The typical craziness of the holiday season can offer an emotional boost for a chronically ill child. The holidays usually are very hectic, but the benefit of seeing family and friends outweighs the hassles of travel and preparation,said Dr. Ernest Frugé, associate professor of pediatrics at Baylor College of Medicine and director of psychosocial programs at Texas Children’s Cancer Center. It's no different for a child in a chronic illness.Planning ahead is the key to travel success, whether it is allowing for extra breaks on a long road trip or reminding older relatives about childproofing needs. Parents should always consult with their child's physician before the trip, pack all medications in their original prescription containers and bring along a copy of

appropriate medical information. Involving the child in the planning and preparations for trips and gatherings reinforces the importance of reconnecting with family and friends, said Frugé. Keeping children away from the usual holiday traditions because they have been ill would separate them from what is a normal experience for the family, he said. GET THROUGH MENOPAUSE BY REEVALUATING YOUR HEALTH CARE NEEDS

Menopause is called "the change" for a reason. As hormone levels begin to change, so do health concerns, such as osteoporosis, said experts at Baylor College of Medicine. Decreasing estrogen levels can affect bone mass, making a woman more susceptible to osteoporosis, said Dr. Elizabeth Nelson, associate professor of medicine and director of the Women's Center for Comprehensive Care at BCM. Osteoporosis is a condition that can develop if bone is not replaced as quickly as it is worn away, leaving behind porous or weak bones. Many factors can affect this condition such as heredity, age and nutritional intake. Modify your risk factors by limiting alcohol intake and not smoking, which can increase bone loss by 10 percent. Exercising three times a week and increasing calcium and vitamin D intake can also improve bone health. However, since each woman’s health care needs differ as they enter menopause, it is important to talk to a doctor to be sure what course of action will be the most beneficial. Screening for osteoporosis should begin at age 65, but many times women will have a screening done at age 50 to use a baseline for future tests.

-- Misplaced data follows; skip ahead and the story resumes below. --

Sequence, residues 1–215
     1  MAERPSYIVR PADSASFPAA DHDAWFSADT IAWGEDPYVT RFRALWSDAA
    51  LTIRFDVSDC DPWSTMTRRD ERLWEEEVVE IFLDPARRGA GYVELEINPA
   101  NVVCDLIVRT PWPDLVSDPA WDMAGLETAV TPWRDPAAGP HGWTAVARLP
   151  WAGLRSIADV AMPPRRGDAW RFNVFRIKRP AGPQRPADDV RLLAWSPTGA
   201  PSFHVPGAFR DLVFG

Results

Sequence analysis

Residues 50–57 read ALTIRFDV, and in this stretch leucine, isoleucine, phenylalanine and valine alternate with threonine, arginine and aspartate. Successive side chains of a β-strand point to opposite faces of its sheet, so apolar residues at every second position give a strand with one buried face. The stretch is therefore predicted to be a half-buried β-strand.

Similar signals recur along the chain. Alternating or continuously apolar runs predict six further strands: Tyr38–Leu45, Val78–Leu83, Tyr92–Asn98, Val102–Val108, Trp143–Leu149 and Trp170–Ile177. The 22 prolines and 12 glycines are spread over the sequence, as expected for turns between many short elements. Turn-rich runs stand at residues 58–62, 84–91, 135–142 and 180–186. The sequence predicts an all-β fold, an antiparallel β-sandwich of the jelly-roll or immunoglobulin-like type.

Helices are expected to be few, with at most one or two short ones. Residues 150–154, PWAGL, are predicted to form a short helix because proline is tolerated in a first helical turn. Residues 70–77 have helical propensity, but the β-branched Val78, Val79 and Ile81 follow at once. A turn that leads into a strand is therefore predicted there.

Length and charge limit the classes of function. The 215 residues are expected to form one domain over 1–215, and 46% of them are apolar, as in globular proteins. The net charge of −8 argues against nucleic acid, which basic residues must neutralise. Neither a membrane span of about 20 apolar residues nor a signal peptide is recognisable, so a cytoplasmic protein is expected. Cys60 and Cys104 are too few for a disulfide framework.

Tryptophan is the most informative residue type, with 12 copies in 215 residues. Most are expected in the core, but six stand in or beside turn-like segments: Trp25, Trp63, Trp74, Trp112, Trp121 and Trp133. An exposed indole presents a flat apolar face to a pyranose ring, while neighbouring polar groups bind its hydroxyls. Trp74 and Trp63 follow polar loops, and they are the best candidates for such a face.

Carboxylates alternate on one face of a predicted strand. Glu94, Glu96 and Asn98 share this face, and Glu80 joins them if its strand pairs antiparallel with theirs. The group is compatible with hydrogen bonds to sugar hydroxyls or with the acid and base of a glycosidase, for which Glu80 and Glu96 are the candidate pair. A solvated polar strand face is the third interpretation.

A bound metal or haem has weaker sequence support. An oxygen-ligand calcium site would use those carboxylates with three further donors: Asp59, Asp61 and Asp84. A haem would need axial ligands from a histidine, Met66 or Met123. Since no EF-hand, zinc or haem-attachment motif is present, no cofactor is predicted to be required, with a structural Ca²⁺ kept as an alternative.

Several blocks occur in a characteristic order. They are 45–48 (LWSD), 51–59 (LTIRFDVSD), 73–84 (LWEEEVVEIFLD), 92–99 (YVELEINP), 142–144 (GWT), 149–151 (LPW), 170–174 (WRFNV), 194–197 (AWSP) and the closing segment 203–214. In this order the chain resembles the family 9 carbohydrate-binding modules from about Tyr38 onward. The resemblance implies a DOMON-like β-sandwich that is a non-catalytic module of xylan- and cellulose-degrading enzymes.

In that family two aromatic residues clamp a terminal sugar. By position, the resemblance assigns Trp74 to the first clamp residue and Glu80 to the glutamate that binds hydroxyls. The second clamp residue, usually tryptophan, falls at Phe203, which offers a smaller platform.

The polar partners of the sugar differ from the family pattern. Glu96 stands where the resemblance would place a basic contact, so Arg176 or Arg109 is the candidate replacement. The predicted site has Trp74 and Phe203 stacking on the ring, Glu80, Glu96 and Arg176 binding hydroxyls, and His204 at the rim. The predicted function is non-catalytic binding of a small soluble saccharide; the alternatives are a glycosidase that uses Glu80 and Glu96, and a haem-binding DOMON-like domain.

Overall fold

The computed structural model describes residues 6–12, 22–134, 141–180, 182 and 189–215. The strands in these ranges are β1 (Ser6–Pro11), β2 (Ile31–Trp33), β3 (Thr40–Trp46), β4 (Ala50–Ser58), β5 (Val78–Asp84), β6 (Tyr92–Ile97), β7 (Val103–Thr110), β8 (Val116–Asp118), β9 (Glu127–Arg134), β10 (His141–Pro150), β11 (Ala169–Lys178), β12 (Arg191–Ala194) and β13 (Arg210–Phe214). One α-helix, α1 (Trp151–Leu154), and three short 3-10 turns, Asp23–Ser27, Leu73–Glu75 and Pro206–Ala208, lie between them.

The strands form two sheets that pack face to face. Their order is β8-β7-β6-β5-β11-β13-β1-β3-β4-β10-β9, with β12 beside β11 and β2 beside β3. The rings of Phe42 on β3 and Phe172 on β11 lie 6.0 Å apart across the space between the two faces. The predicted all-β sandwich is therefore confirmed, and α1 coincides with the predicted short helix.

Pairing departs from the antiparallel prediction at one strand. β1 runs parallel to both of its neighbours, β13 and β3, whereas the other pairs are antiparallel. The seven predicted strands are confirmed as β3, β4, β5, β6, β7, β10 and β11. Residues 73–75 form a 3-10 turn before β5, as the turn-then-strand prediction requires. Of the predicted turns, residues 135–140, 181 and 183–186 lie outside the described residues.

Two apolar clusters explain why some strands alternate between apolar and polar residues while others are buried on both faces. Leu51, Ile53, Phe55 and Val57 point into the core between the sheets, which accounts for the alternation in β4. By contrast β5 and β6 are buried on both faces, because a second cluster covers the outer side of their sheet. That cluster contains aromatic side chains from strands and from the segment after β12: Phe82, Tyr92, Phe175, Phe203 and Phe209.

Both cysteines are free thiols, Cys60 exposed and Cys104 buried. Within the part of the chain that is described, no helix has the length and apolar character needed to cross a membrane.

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Cherry Creek View Grief Share Get 'Em While You Can! S u p p o r t Yo u r Neighborhood and Neighbors - Purchase a T-shirt to Support Oakhill “Y Be Weird” Oakhill T-shirts are available at Senor Bu d d y’s a n d Pe r si st a n t Threads for $12 or online a t w w w. c h a r l o t t e s w e b . shoply.com for $15 with free shipping.  ALL profits will got to Oakhill Fire Relief Fund (25%) and the the Abiding Love Food Pantry (75%) Shirts in M/L/XL in Wow Pink, Lime Green, Indigo, Purple and Blue

Submitted by Nancy Zaloga GriefShare (www.griefshare.org) will meet at Manchaca United Methodist Church  located at 1011 FM 1626, each Sunday beginning January 22, 2011, from 3-5 p.m.  There is a $15 charge for a workbook (scholarships available).  GriefShare is a 13-week faith-based seminar and support group for people grieving the death of a loved one.  It’s a place where you can be around people who understand how you feel and the pain of your loss.  You may begin the class at any point during the 13-week time frame. Led by Nancy Zaloga and Ginny Lee.  Call 280-3469 for further information.

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Cherry Creek View Clayton Elementary Submitted by Teresa Rodriguez Congratulations to Clayton Elementary and their PTA board that celebrated their First Clayton Cultural Celebration (C3) which was heldFriday December 2, 2011! Dr. Robinett & Mrs. Beachum and their incredible staff offered nonstop support from initiation to culmination. Dr. Robinett MCing the event was the icing on the cake. She brought out the inner sparkle of all the participantsand talented performers. 
Spearheading this magnificent event were Teresa Rodriguez & Lisa Haney. Thanks to the generosity & support of the PTA, these amazing women and a group of 30+ wonderful volunteers, were able to make their vision for the first multicultural family event in Clayton Elementary a reality that was enjoyed by all.